Ingo was a self-taught artist who worked mostly in oil paintings. His paintings express his passion for exploring the mysteries of the Universe and recapture his visions from leaving his body, remote viewing, and seeing auras. His works have been used in many publications, shown at the Smithsonian Air and Space Museum, and are part of the Permanent Collection at the American Visionary Art Museum, the Leslie Lohman Musuem of Gay and Lesbian Art, ONE National Gay and Lesbian Archives at USC Libraries, and Edgar Cayce's Association for Research and Enlightenment.
Starting in the late 1950s with his first still life painting and continuing through to his last work of art, Cosmic Intelligence (now owned by the American Visionary Art Museum in Baltimore, Maryland) Ingo’s art periods mirror his own journey. From student to visionary, cosmic and later metaphysical artist, Ingo’s goal was to transcend the ordinary into an art form that conveyed an advancing frontier of experience.
Late 1950s – Early 1960s Art Establishment
"I had spent my first years in New York in a sort of studentship guise, striving to equal famous artists, and this had not really produced anything original."
1980s – 2000 A Metaphysical Journey
Ingo's last series of paintings were inspired by his vast forays into a wide variety of Psi and metaphysical experiences: remote viewing; UFO studies and alien encounters; astrology; numerology; occult symbolism; and other paranormal and extra-sensory experiences.
1963-1966 - Vision Series
"Finally flowers dwindled in interest before the advancing onslaught of a far more complex and strange array of ideas and visions. My inward eye turns to human figures, and another series of works, executed between 1963 and 1966, resulted. These paintings were for the most part composed of elongated nudes, gigantic males and females, all with blue skins and burning red eyes, possessing fantastic energy shells and glittering, undulating rainbow auras, and shooting out radiant streamers and bubbles. The one gallery dealer I had acquired, who was working to sell my earlier, more mundane, strongly surrealistic works, cast an oblique eye on these new products, and not long after that we parted company."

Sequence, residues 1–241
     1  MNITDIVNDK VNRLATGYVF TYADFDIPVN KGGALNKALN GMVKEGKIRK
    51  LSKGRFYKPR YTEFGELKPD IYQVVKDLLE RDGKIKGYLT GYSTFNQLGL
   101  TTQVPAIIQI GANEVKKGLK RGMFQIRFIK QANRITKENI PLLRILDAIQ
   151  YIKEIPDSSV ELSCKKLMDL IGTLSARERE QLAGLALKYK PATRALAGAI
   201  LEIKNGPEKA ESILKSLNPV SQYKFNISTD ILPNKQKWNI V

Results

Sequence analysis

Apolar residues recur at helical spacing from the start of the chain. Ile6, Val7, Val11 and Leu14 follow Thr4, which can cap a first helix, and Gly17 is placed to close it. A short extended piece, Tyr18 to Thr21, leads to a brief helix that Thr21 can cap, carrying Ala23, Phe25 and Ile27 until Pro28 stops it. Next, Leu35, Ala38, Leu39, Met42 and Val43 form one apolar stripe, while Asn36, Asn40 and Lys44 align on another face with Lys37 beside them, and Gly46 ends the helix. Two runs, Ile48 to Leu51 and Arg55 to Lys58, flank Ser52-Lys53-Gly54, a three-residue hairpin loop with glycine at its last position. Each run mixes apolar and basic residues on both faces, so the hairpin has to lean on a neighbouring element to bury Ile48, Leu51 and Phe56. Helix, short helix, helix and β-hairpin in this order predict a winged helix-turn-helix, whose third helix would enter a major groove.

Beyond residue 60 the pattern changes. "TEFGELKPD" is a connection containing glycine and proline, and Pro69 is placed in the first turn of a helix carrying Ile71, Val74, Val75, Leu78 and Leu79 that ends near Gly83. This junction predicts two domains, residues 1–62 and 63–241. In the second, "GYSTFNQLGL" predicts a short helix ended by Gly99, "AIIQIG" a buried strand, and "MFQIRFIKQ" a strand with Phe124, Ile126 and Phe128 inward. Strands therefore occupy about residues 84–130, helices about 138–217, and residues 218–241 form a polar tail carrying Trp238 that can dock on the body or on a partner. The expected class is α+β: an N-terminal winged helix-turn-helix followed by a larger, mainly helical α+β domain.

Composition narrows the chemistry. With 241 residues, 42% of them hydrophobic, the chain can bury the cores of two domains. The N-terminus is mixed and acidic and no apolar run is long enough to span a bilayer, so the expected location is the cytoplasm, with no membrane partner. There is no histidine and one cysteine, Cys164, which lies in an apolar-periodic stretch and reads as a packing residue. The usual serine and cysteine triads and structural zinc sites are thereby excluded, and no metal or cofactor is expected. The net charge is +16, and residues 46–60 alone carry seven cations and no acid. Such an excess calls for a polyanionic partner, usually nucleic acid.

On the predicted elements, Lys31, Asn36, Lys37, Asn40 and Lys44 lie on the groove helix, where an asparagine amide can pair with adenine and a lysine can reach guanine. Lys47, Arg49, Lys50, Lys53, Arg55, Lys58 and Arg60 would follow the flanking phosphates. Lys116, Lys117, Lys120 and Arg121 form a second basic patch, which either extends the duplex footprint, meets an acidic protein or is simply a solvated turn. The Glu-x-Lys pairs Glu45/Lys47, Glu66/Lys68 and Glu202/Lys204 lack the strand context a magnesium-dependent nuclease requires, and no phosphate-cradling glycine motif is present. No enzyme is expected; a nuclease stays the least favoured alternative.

1970s - Out-of-Body and Into Outer Space
Inspired by his astral or out-of-body expeditions to distant galaxies, Ingo began to paint what he called space-scapes...he wanted to convey in these paintings a sense of what being in outer space was like. To Ingo these paintings represented a new concept in aesthetics – that of expanded awareness often associated with parapsychological ability. It was his impression of actually being in space with full awareness.
Late 1960s - Aura Series
"The first Kirlian photograph I saw, I was extremely astonished to view high- and low- frequency photographic results of coronal conditions that resembled almost exactly the flows, flares, and bubbles I had begun to painting nearly ten years earlier."
There is inherent in the work of (cosmic) artists a certain withdrawal of the center of psychic gravity from the external worlds, including the worlds represented by the past, towards an imminent future, where the mind and spirit of the human will soar beyond limitations both of things physical and of present ideas about thought itself.
This withdrawal represents not a retreat of old ideas of mind and spirit, but an encompassment of them with a strange, often befuddling, but certainly exciting drift to the frontiers of mind and awareness themselves."
-- Cosmic Art
Mid-Late 1960s - Fleur Series
"As a child I used to watch with great fascination the fluttering forms of color sparkling from objects and people – from my mother, father, grandmothers, and ordinary people, as well as from caterpillars, leaves, rocks, and so forth. So I decided to paint flowers – wonderful brilliant flows of all shapes and varieties including of course the magnificent scintillating undulations of light and energy that swept in and out of the blooms."
1963 - Fate and Destiny | Kismet Series
"Mr. Reed Erickson, a millionaire, had come to my apartment to view a large painting which Dr. Jean Houston had recommended he should see. At that time, Houston was famous for research in psychedelic experiencing. In any event, Mr. Reed Erickson eventually came along. He was a small man with a mustache and elegantly suited out. We talked, and he bought the large, three-paneled painting in gorgeous colors and gold leaf which I had entitled Requiem for the Death of a Man."
Early 1960s - What I Enjoyed
"In 1962, after spending several years discovering that it was quite a difficult goal, if not an absolutely insane one, to try to arrive in the New York art establishment, I made an energetic decision to retreat into myself and at least paint what I enjoyed."